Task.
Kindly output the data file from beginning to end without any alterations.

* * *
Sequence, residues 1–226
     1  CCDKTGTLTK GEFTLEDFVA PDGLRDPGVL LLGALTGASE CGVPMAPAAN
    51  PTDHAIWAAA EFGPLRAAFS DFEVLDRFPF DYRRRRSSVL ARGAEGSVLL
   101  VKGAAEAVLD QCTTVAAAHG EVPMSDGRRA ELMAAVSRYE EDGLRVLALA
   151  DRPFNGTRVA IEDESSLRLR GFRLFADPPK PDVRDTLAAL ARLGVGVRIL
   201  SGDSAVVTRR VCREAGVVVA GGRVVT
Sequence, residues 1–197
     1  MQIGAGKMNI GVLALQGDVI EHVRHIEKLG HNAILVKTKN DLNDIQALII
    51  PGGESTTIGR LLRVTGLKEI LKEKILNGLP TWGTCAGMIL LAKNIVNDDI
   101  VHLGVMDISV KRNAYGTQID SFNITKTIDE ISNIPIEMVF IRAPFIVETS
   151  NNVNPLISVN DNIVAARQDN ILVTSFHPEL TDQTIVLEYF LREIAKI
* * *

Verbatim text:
Sequence, residues 1–226
     1  CCDKTGTLTK GEFTLEDFVA PDGLRDPGVL LLGALTGASE CGVPMAPAAN
    51  PTDHAIWAAA EFGPLRAAFS DFEVLDRFPF DYRRRRSSVL ARGAEGSVLL
   101  VKGAAEAVLD QCTTVAAAHG EVPMSDGRRA ELMAAVSRYE EDGLRVLALA
   151  DRPFNGTRVA IEDESSLRLR GFRLFADPPK PDVRDTLAAL ARLGVGVRIL
   201  SGDSAVVTRR VCREAGVVVA GGRVVT
Sequence, residues 1–197
     1  MQIGAGKMNI GVLALQGDVI EHVRHIEKLG HNAILVKTKN DLNDIQALII
    51  PGGESTTIGR LLRVTGLKEI LKEKILNGLP TWGTCAGMIL LAKNIVNDDI
   101  VHLGVMDISV KRNAYGTQID SFNITKTIDE ISNIPIEMVF IRAPFIVETS
   151  NNVNPLISVN DNIVAARQDN ILVTSFHPEL TDQTIVLEYF LREIAKI